A reclusive artist and a restless soul, Ganesh Pyne had a genius for transfiguring inner darkness in his iconic works of art. Pyne, who passed away at the age of 76 recently, will be missed not only by the artistic fraternity, but by all those who hunger for intimations of the sacred and the numinous in this market-driven world.
In many ways, Pyne’s variegated life and career was emblematic of the artist’s conflicted relationship with money. He was one of those rare artists who didn’t really care about selling his art. In an age when artists have become market savvy, he preferred to keep to himself, and not bow to commercial pressures. Till about late 1960s, he was happy to sell his work for all of Rs 20!! Neither was he prolific, choosing to paint when he felt like. Truly, a master of his moods and inner daemons!.
This indifference to the world of buy and sell only enriched his paintings and imparted them a rare inner luminescence. Pyne is today ranked as one of the finest contemporary Indian artists of the Bengal School. His contemporaries call him ahead of his time, one who was very original with his technique and remained in the world he had created of his own, as Manu Parekh, a contemporary artist, said of him.
This was a world where death was one of the recurring themes. The 1946 Kolkata riots had left a lasting impression on him as a 10-year-old and years later those disturbing scenes expressed themselves in the form of dark and brooding images on canvas. Prakash Kejriwal, owner of Kolkata’s Chitrakoot Art Gallery and one of the earliest collectors of Pyne’s works, describes his art as “Something between life and death – the twilight zone.” In a sense, Pyne lived in this zone himself too. It is interesting to note that at his last major solo show in Kolkata in 2010, he made a series of unforgettable paintings from the Mahabharata, with a special focus on marginal characters like Amba, Eklavya, Dushala. He has been quoted in ‘Mint,’ an Indian daily, as saying, “I was…interested in capturing the essentially tragic spirit of the story.”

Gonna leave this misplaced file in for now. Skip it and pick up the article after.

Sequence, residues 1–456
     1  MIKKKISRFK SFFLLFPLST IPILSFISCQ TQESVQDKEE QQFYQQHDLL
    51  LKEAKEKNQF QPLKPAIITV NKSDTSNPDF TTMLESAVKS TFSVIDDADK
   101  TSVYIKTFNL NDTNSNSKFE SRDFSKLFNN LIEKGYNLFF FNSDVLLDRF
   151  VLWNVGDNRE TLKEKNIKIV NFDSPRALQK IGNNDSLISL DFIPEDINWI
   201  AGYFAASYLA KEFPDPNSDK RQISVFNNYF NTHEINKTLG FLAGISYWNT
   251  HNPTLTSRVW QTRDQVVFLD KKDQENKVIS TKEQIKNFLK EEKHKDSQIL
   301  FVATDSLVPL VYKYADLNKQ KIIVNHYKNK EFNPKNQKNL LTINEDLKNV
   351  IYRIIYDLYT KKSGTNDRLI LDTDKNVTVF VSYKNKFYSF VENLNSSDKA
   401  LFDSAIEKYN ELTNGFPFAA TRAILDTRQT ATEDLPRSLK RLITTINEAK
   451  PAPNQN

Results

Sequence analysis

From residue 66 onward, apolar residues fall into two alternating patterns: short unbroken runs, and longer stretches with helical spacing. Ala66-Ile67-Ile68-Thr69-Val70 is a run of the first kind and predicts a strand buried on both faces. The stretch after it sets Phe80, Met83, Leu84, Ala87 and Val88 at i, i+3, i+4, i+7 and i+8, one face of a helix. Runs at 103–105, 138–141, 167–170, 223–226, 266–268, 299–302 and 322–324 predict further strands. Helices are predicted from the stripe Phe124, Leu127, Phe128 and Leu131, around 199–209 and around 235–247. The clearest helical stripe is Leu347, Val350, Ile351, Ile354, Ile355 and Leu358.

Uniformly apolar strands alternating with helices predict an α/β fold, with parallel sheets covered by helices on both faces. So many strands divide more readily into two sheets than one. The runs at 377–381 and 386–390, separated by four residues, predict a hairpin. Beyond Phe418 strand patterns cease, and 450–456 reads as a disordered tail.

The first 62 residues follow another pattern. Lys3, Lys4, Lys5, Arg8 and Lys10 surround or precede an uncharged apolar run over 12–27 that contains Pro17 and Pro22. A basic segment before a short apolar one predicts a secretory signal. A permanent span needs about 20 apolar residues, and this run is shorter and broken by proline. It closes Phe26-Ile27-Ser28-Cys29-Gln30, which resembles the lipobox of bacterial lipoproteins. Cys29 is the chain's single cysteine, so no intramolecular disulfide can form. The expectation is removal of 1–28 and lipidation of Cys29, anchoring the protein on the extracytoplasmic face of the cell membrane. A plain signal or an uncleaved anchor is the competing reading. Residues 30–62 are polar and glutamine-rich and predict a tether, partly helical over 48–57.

Born in 1937 in Kolkata, he grew up in poverty. But that didn’t deter him from pursuing his dream when he enrolled in Government College of Art and later worked as an animator in the 1960s. He, however, started his career with water colours, and later moved to gouache and tempera style of painting. He was greatly influenced by Abanindranath Tagore, one of the greatest artists of Bengal School, Picasso and Rembrandt. At the same time, he borrowed eclectically from films of Walt Disney, Federico Fellini and Ingmar Bergman.
It was M. F. Husain who called him the best painter of his generation, thus catapulting a hitherto little known 37-year-old artist into limelight. For somebody who never cared to sell his work or cash in on his fame, his canvases are today much sought after, with art lovers ready to pay any price for them. In the end, as Auden said of W.B. Yeats, he became his admirers.